Tag Archives: Raj Jayaweera

OPERA HOUSE VENUE FOR BIG DEBATE

PREVIEW:

Forget for a moment the prospect of debates between Opposition (pause) Leader (pause) Tony (pause) Abbott (pause) and fair-suck-of-the-sauce-bottle Kevin (frankly, let be be quite clear about this) Rudd. The musical debate about to unfold tonight in Sydney is bound to be more engrossing, if less bloody.

Tonight four of Australia’s musicians play off in The Studio at the Sydney Opera House for the $15,000 cash Freedman Jazz Fellowship.

All the best to Marc Hannaford, Raj Jayaweera, Aaron Flower and Jeremy Rose as they perform with their bands  and front up to interviews before respected jazz musicians Andrew Robson, Tim Firth, and Alister Spence, who will be judging.

The finalists vying for this prestigious fellowship are all exciting. Marc  is leaving Melbourne soon for New York soon to take up a five-year fellowship to complete a PhD in music theory; drummer Raj  is now based in New York; Sydney guitarist Aaron Flower won the 2007 National Jazz Guitar Awards; and saxophonist Jeremy Rose won the 2009 Bell Award for Young Australian Jazz Artist of the Year.

The Freedman Music Fellowships, administered by the Music Council of Australia, provide two prizes of $15,000 cash for a jazz and a classical musician.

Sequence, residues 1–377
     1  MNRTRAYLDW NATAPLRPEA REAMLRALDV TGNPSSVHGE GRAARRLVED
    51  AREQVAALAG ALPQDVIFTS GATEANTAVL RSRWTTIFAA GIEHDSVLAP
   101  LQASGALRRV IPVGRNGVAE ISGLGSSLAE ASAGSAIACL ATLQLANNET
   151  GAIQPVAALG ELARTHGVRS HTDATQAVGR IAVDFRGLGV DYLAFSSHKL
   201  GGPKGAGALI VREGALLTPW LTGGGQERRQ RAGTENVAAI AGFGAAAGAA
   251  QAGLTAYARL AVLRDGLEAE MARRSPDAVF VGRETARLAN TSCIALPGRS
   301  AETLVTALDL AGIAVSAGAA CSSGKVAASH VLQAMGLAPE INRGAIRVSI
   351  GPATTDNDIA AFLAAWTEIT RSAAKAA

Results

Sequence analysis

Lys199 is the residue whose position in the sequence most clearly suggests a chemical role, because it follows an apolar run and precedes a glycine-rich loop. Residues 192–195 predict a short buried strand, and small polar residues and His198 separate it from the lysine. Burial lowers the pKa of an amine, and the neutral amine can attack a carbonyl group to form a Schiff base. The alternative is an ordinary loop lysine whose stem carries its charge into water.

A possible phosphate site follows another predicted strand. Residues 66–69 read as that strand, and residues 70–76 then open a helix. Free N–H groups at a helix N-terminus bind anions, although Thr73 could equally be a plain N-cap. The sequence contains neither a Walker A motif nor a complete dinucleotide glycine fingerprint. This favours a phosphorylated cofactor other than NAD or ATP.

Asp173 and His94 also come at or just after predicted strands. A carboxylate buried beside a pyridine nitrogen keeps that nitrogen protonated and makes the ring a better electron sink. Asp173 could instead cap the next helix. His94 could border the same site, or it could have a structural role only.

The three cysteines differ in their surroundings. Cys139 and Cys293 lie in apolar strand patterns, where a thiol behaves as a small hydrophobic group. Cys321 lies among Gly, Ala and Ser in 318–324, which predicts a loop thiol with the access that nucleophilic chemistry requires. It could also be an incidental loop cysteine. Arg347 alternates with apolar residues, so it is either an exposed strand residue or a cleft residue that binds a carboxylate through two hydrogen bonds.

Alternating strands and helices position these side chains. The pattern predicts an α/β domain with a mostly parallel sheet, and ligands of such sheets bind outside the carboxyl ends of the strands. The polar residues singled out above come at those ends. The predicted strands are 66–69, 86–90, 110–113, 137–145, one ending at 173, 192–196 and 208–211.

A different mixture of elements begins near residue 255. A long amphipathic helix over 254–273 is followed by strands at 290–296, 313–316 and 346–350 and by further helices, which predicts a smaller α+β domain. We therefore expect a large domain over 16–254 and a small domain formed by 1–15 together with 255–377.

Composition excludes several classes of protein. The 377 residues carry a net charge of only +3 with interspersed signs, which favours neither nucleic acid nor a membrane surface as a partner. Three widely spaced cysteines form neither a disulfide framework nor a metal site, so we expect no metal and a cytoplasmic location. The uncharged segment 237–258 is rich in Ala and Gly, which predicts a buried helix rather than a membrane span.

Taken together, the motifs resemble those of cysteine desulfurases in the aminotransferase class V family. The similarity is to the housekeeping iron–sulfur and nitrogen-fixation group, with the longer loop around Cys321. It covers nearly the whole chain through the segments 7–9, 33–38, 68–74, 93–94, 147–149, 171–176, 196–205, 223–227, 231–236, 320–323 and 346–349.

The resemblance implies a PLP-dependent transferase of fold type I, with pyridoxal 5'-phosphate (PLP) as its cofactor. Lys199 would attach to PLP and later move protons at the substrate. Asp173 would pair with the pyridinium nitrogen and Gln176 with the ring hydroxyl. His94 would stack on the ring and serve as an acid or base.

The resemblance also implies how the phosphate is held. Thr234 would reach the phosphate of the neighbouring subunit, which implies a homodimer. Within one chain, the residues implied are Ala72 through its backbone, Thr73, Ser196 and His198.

Publicity material for the concert includes the following profiles (but not the images):

Marc Hannaford

Marc Hannaford

Marc Hannaford (piano, Brisbane) is known as one of the exciting improvising pianists in Australia. His multi-faceted and energetic music combines elements of the American and Australian jazz traditions, South Indian classical music and Flamenco. Marc has released four CDs under his own name and his work has been recognised with awards and nominations.

Raj Jayaweera

Raj Jayaweera

Rajiv Jayaweera (drummer, New York-based) was born in London of Sri Lankan heritage but grew up in Melbourne. He moved to New York in 2011 to do his Masters in Jazz Studies where he studied with Professor John Riley. He regularly performs at Birdland Jazz Club with The Louis Armstrong Centennial Band and has travelled widely performing at jazz festivals and playing with musicians such as Cyrille Aimee, the Kenny Werner Trio, Gilad Hekselman and Chris Cheek.

Aaron Flower

Aaron Flower plays Wangaratta Jazz

Aaron Flower (guitar, Sydney) is a regular on the Sydney music scene and has performed with jazz greats both here and overseas and in 2007 he won the National Jazz Guitar Award. He plays and records with bands including his own, BAZ, whose last album was shortlisted for the Jazz Bell Award in 2011. That same year he started Yum Yum Tree Records a collective and label which aims to promote music from 2003 – 2010.

Karen-Steains

Jeremy Rose        (Supplied picture by Karen-Steains)